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The steady day-by-day skirmishing, to which we are so well used as to scarcely notice, is picking off by degrees this large and heroic army, till our hospital lists embrace not only every regiment, but every day of the month, and yet, even in the aggregate, the figures fail to astonish. Rather do we hear the exclamation, "So few !"

The enemy have become so enraged at our close approach to their works and lines, that they have given vent by turning all their batteries of siege guns and columbiads upon us-a spleen so wildly developed and poorly executed that the damage has been but slight, and mainly consists in throwing up dirt and tearing through the timber. Our guns have either not been able to cope with them, or have lain back awaiting a more favorable opportunity for a display of their gunnery. From present indications I

fire of all the guns that can be brought to bear on the offenders-and that it will be prolonged till they are silenced.

The enemy, with a city at their back, cavalry on their flanks, siege guns on their main lines, and militia and dismounted cavalry on their front, have become much emboldened of late; so much so that we look for nothing else than an early and desperate assault on our lines. This is, of all the things likely to "turn up," the one most desirable, easiest met, and for which we are best prepared. In the language of a predestined martyr, our boys unanimously exclaim: "Let 'em come!"

ON THE BANKS OF UTOY CREEK, August 14. Thursday passed without anything occurring to break the monotony which has settled down upon us, except a rumor that a movement was to be made upon a certain portion of the line, and a vigorous demonstration along the front of the Fourth corps (Major-General D. S. Stanley's) to support said movement. The demonstration was made; but the movement remained—a rumor. So much cannonading was done that each wing of the army believed the other heavily engaged; but it all ended in huge sounds and-smoke.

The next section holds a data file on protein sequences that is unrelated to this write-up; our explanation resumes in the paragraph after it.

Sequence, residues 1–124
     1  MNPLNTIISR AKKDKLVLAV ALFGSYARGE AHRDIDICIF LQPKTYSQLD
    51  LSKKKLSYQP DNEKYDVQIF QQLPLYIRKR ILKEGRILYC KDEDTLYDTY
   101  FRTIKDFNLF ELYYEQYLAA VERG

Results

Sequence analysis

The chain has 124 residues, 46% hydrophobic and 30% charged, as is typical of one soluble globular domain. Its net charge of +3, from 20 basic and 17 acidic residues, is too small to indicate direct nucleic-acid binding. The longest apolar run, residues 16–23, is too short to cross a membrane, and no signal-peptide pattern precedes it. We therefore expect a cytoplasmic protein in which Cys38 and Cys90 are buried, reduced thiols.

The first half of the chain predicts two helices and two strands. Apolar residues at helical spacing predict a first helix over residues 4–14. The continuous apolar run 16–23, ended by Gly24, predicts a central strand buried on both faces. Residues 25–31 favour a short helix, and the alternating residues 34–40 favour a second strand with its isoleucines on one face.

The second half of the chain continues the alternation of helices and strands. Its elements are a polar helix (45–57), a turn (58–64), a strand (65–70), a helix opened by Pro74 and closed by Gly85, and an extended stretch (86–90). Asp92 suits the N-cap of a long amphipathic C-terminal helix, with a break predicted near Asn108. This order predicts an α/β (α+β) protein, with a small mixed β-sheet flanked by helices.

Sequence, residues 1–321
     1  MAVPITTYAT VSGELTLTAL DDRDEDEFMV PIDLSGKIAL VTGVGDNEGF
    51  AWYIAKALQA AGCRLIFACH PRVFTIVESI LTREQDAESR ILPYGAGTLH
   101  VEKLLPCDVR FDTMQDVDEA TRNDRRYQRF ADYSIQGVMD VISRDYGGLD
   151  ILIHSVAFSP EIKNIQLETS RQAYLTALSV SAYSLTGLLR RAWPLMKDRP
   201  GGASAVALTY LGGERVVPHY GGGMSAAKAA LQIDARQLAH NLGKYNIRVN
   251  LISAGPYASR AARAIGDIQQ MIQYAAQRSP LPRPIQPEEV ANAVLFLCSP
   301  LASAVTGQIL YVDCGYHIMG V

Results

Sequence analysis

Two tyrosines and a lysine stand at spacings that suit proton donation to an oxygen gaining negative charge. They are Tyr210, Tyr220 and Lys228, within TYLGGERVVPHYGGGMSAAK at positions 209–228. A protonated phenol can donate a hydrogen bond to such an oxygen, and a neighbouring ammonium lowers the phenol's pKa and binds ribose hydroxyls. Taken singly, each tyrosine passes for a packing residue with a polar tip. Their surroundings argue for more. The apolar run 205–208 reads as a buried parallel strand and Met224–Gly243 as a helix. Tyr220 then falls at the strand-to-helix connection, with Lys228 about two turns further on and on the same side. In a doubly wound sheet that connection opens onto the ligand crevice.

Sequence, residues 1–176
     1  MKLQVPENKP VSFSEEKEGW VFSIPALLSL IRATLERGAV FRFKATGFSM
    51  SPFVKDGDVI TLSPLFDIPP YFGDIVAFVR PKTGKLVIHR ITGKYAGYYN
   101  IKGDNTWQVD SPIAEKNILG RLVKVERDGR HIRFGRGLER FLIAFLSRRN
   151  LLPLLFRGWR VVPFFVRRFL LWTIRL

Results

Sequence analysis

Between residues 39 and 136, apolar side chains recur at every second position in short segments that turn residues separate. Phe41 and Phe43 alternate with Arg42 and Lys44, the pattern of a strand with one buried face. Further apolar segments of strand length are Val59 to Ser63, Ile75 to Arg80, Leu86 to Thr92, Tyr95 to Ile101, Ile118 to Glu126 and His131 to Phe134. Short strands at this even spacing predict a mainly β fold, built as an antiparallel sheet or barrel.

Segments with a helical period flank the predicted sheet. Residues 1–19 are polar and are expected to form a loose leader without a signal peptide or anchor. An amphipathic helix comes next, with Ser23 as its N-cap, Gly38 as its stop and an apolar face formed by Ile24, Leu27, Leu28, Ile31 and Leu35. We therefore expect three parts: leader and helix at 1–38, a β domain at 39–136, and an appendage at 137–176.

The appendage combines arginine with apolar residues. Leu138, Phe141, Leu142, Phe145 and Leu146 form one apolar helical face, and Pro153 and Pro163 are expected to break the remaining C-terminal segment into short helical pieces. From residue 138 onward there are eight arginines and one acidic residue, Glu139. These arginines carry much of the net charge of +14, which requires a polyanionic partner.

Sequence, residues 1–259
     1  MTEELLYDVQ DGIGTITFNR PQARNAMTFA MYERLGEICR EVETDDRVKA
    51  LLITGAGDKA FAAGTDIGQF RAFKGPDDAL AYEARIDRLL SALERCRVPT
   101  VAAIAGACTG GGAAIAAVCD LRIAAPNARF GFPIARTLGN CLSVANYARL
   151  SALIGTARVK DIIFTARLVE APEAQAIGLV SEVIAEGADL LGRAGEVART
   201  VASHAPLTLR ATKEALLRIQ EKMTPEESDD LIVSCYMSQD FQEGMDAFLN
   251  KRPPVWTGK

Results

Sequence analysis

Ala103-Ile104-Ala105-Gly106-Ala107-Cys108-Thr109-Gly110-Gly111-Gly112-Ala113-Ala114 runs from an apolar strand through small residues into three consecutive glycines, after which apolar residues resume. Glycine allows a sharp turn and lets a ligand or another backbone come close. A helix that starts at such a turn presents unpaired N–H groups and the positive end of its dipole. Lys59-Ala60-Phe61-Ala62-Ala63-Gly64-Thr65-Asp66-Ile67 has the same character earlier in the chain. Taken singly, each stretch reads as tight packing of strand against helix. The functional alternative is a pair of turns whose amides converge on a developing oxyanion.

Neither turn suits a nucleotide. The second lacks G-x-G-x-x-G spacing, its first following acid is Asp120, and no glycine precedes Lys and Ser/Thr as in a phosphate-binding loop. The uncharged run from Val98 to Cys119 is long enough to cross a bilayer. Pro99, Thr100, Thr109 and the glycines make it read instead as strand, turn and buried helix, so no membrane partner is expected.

Yesterday and last night certain things occurred which would send a thrill of joy to loyal hearts throughout the land. We have recently received the most substantial proofs that in the very army which seems so obstinately to confront us, there is a wide-spread and growing dissatisfaction with the rebellion and the rebel Government, which confines itself no longer to thoughts and words, but takes the form of solemn and significant deeds.

We shall have battles still to fight. The leaders of the rebellion will struggle fiercely as long as they can put a legion in the field. Enough will cling obstinately to the falling "Confederacy" to make it necessary to dash their power to pieces by the weight of battalions and artillery. But if we continue the present pressure a little longer,-if we sternly and firmly fill up and push on our columns, three fourths of the strength of the rebellion will melt away, and disappear in a mauner of which some of us liitle dream.

A singular and unfortunate casualty occurred on the evening of the eleventh instant, which will deprive the service of an able officer.

Colonel Carter Van Vleck, Seventy-eighth IIlinois, was walking toward his tent, half a mile in rear of our skirmish line, when a chance bullet struck him above the left eye and penetrated his forehead. Although the wound has been probed to the depth of three inches, the ball cannot be found; and yet, incredible as it